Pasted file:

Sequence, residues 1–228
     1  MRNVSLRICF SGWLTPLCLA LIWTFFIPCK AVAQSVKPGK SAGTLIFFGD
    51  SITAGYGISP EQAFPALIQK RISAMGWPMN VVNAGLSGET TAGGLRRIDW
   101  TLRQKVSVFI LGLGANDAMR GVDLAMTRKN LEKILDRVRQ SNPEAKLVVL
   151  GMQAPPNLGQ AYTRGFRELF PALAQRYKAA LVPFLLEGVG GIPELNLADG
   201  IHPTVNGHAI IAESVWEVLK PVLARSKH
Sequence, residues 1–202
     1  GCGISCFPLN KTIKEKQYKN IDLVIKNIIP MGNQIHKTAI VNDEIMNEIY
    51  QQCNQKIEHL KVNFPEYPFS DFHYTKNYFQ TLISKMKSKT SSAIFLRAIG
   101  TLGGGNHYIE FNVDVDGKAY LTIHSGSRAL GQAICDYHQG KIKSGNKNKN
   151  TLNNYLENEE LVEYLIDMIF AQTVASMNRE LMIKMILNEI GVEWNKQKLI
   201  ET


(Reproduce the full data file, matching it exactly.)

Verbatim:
Sequence, residues 1–228
     1  MRNVSLRICF SGWLTPLCLA LIWTFFIPCK AVAQSVKPGK SAGTLIFFGD
    51  SITAGYGISP EQAFPALIQK RISAMGWPMN VVNAGLSGET TAGGLRRIDW
   101  TLRQKVSVFI LGLGANDAMR GVDLAMTRKN LEKILDRVRQ SNPEAKLVVL
   151  GMQAPPNLGQ AYTRGFRELF PALAQRYKAA LVPFLLEGVG GIPELNLADG
   201  IHPTVNGHAI IAESVWEVLK PVLARSKH
Sequence, residues 1–202
     1  GCGISCFPLN KTIKEKQYKN IDLVIKNIIP MGNQIHKTAI VNDEIMNEIY
    51  QQCNQKIEHL KVNFPEYPFS DFHYTKNYFQ TLISKMKSKT SSAIFLRAIG
   101  TLGGGNHYIE FNVDVDGKAY LTIHSGSRAL GQAICDYHQG KIKSGNKNKN
   151  TLNNYLENEE LVEYLIDMIF AQTVASMNRE LMIKMILNEI GVEWNKQKLI
   201  ET